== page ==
Search Incident to Arrest in Illinois

We have all been pulled over by the police whether it be for speeding, rolling a stop sign, or a blown out taillight.  Some of us may also have been questioned following this traffic stop and some of us may have been asked to consent to a search of the vehicle after questioning.  If you consent to a search of your vehicle, then 4th Amendment protections are waived.  That is, you can no longer claim that an illegal search or seizure occurred.  An illegal search or seizure occurs when law enforcement searches either you or your property without first obtaining either valid oral consent to search or a valid warrant.  However, the United States Supreme Court has carved out an exception to the warrant requirement (i.e. the requirement to obtain a warrant before searching someone’s vehicle).

New York v. Belton

The seminal case involving searches incident to arrest comes out of New York, but is applicable to all 50 states.  In Belton, A New York state police officer pulled over a speeding vehicle, with four occupants, including Roger Belton. The vehicle belonged to none of the men present. The police officer smelled burnt marijuana, and saw an enveloped associated with the drug. He ordered the men out, arrested them for possession. He split them up, confiscated the drug, and searched each of them. He then searched the passenger compartment of the car, and found the respondent’s leather jacket. He found cocaine in one of the pockets.  The main issue in this case was whether “the constitutionally permissible scope of a search incident to his arrest include the passenger compartment of the automobile in which he was riding.

The Supreme Court set out to firmly define the parameters of a search incident to arrest, established under previous law as “the area within the immediate control of the arrestee.” A reading of case law “suggests the generalization that articles inside the relatively narrow compass of the passenger compartment of an automobile are in fact generally, even if not inevitably, within ‘the area into which an arrestee might reach . . . a weapon” or evidence. Any containers within the passenger compartment could be searched for that same reason.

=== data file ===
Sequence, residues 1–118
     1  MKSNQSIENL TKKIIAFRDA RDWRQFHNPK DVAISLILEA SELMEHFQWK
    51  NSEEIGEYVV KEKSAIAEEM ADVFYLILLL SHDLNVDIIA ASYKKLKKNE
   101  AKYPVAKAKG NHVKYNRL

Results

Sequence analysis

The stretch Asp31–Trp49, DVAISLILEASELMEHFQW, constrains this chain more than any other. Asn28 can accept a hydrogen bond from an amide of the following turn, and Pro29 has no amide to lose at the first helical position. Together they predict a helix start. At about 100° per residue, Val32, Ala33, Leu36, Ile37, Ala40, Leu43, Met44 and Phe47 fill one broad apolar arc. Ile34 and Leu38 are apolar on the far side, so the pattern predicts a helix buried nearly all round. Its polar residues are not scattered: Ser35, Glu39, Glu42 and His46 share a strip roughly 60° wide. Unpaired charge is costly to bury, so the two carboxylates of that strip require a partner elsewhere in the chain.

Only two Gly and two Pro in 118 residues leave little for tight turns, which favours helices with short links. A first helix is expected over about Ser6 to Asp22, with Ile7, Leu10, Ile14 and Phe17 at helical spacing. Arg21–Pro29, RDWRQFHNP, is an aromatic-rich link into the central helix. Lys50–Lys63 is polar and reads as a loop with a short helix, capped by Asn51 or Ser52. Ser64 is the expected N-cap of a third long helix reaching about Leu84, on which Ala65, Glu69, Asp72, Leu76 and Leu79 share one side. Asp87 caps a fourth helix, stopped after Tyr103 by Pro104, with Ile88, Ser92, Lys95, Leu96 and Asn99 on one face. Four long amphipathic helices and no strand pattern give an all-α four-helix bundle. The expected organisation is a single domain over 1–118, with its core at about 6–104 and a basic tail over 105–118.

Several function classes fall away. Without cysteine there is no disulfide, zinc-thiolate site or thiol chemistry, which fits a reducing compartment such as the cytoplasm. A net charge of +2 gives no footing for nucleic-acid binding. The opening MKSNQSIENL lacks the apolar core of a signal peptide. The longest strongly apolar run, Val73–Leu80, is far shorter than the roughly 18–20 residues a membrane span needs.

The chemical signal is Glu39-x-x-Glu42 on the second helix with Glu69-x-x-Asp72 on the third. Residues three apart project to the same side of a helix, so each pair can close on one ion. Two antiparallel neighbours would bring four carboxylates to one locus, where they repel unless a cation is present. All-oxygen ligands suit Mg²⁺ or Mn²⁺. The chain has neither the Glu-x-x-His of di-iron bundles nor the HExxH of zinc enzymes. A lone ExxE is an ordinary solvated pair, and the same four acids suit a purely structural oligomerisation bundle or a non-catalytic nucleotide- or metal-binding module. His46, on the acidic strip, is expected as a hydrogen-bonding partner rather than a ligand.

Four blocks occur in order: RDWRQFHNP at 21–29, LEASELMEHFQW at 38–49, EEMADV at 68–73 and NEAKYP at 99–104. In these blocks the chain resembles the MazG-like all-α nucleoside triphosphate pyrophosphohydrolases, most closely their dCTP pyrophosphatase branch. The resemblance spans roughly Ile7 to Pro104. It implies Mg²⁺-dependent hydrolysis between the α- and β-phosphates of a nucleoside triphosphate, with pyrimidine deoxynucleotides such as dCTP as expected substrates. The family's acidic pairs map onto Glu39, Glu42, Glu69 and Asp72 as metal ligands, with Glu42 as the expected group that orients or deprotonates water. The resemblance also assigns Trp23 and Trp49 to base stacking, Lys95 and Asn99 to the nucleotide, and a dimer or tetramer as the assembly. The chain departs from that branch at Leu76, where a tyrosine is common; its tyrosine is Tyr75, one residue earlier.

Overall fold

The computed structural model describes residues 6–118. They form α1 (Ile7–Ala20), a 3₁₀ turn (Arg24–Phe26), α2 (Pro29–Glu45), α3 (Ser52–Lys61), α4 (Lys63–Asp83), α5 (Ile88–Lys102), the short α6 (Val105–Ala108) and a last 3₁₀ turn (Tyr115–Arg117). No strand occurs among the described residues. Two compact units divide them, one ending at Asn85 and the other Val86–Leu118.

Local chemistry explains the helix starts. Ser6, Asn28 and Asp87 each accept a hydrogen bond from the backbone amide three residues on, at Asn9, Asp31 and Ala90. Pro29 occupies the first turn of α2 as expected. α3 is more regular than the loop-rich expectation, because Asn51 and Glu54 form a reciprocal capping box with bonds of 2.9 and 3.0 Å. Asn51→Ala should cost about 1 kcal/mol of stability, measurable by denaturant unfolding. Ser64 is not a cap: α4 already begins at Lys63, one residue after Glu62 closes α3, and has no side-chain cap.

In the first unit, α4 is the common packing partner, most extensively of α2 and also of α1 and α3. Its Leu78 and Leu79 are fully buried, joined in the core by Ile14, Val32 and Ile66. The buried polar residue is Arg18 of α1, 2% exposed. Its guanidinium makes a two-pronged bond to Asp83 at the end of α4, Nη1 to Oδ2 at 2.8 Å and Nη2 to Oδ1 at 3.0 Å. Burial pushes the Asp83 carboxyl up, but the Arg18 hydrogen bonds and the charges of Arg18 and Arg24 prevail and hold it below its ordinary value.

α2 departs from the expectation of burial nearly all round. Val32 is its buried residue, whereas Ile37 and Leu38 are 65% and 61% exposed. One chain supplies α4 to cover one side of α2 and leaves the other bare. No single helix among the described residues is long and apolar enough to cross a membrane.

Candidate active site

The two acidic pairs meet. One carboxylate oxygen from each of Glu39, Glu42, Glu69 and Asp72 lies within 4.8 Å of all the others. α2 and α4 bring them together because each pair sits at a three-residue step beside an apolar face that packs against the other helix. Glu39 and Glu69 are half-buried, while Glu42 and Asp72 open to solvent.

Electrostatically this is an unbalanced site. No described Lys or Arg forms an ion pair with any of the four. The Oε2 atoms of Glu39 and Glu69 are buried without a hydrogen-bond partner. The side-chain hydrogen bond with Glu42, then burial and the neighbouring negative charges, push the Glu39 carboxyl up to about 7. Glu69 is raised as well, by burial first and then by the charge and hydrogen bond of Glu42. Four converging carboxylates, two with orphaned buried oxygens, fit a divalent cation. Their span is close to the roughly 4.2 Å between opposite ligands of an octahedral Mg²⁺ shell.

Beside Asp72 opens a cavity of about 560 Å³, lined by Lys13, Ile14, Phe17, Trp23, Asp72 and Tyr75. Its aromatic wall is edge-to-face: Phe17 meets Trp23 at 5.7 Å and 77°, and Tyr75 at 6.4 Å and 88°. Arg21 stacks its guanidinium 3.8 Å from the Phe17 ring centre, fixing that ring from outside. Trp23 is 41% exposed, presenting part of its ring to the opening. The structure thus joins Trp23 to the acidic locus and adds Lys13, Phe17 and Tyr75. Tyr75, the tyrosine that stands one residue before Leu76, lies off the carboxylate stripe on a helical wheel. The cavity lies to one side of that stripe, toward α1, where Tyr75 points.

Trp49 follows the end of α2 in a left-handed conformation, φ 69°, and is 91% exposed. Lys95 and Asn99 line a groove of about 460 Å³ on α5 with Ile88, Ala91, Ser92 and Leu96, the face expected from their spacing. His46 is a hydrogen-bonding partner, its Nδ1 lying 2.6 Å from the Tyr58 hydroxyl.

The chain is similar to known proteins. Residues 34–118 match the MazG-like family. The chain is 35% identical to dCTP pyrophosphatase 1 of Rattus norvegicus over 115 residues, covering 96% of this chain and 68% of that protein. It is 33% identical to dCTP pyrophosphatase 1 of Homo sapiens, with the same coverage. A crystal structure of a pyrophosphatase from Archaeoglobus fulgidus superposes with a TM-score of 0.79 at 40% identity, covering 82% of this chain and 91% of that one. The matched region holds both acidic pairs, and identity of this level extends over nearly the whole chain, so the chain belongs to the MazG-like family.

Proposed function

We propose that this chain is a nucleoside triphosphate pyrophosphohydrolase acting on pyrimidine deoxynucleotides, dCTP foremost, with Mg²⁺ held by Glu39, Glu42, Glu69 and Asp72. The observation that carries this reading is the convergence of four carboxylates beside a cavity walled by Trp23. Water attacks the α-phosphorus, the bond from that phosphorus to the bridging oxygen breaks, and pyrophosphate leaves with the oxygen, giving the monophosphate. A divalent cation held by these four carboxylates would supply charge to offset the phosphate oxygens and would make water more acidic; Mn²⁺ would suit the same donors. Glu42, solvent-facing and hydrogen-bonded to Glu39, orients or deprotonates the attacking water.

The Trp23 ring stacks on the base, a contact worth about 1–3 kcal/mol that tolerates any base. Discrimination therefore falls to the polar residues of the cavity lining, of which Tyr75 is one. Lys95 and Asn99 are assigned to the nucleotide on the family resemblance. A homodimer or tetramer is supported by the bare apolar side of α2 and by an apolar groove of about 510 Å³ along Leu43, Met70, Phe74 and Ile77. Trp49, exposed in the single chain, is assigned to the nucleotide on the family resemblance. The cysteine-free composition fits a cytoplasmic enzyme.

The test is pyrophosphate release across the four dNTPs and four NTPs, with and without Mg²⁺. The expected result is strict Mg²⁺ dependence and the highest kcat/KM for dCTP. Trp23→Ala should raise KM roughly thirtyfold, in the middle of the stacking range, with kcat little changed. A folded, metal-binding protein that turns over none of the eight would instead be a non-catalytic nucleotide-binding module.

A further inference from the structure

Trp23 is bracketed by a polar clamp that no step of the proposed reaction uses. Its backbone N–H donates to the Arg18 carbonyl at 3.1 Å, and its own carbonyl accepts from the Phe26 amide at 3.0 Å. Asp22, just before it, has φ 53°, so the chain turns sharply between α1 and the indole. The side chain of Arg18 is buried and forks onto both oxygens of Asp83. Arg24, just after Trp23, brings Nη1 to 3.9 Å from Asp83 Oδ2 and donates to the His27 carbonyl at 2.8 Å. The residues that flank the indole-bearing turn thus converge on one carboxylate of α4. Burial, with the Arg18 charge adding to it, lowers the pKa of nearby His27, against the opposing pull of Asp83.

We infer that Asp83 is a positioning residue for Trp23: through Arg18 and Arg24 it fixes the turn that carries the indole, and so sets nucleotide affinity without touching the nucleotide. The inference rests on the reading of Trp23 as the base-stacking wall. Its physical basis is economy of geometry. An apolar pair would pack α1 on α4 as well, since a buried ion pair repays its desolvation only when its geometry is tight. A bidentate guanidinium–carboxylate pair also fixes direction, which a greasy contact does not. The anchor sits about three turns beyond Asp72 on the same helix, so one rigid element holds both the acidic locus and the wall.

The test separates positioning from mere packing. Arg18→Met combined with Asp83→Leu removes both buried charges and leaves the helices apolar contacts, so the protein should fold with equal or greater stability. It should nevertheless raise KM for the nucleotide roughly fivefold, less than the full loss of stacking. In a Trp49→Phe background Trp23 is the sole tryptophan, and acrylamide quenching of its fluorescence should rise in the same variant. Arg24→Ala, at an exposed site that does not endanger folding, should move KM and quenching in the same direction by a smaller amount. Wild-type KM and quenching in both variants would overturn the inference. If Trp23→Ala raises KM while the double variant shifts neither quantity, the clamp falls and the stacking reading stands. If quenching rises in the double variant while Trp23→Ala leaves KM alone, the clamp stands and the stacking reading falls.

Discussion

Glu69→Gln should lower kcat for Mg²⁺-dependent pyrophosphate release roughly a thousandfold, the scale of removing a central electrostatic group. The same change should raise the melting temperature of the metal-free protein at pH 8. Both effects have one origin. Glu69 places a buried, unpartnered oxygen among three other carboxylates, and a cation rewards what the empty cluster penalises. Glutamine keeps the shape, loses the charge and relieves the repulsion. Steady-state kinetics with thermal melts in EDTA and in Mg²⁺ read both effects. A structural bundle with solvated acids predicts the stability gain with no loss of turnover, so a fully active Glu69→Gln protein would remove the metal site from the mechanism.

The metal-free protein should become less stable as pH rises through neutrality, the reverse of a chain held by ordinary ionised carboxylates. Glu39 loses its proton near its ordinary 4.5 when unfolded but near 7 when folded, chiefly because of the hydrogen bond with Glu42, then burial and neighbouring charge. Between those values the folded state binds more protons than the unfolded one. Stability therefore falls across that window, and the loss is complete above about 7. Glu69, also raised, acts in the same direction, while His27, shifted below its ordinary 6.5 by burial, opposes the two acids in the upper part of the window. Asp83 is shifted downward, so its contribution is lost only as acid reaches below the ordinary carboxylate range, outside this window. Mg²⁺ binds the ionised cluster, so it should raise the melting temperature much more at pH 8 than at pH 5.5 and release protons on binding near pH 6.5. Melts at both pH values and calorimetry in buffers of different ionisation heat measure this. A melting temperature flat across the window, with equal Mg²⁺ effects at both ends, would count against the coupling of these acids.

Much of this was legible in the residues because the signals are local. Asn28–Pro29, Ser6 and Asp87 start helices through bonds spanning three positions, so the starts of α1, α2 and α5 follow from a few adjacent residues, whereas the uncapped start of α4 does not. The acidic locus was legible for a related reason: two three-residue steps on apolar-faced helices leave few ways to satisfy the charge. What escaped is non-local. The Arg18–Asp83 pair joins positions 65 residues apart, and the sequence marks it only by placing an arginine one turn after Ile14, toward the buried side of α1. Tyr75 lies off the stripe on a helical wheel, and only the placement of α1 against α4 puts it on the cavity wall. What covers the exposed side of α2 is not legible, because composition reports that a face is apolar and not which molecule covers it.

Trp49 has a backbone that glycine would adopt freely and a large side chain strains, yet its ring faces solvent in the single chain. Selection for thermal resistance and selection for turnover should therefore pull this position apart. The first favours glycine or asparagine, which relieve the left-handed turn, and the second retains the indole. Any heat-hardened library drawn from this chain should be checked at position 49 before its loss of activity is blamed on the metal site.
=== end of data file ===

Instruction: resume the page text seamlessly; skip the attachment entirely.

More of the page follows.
Arizona v. Gant

The next leading case is a 2009 case that seemed to curb Belton a bit. In Gant, Police received an anonymous tip that a certain house was being used to sell drugs.  Officers went to the house, and Gant answered the door and provided ID.  Officers later found that Gant’s divers license had been suspended and there was an outstanding warrant for his arrest.  Officers returned later that day and when Gant drove up, he exited the vehicle and the officers arrested him away from his car and put into a patrol car. Officers then searched Gant’s car and found a bag of cocaine in the pocket of a jacket on the backseat.  The facts raised 4th Amendment concerns about warrantless searches and seizures.  The issue in the case was whether a police officer may properly search the passenger compartment of a vehicle and its contents as a warrantless search incident to arrest if the arrestees are secured and cannot possibly reach any of the contents of the vehicle.  The Supreme Court ruled that police are authorized to search a vehicle incident to a recent occupant’s arrest only when the arrestee is unsecured and within reaching distance of the passenger compartment at the time of the search.

These cases raise complicated issues of drug, gun, and other illegal contraband searches.  Do not rely on the teachings of people like Jay-Z who famously opined, “Well my glove compartment is locked so is the trunk and the back.  And I know my rights so you gon’ need a warrant for that.”  Jay-Z is wrong and trust me if he was pulled over, searched, and found to have an illegal substance or firearm on him, he would contact a qualified Illinois Criminal Defense Attorney.

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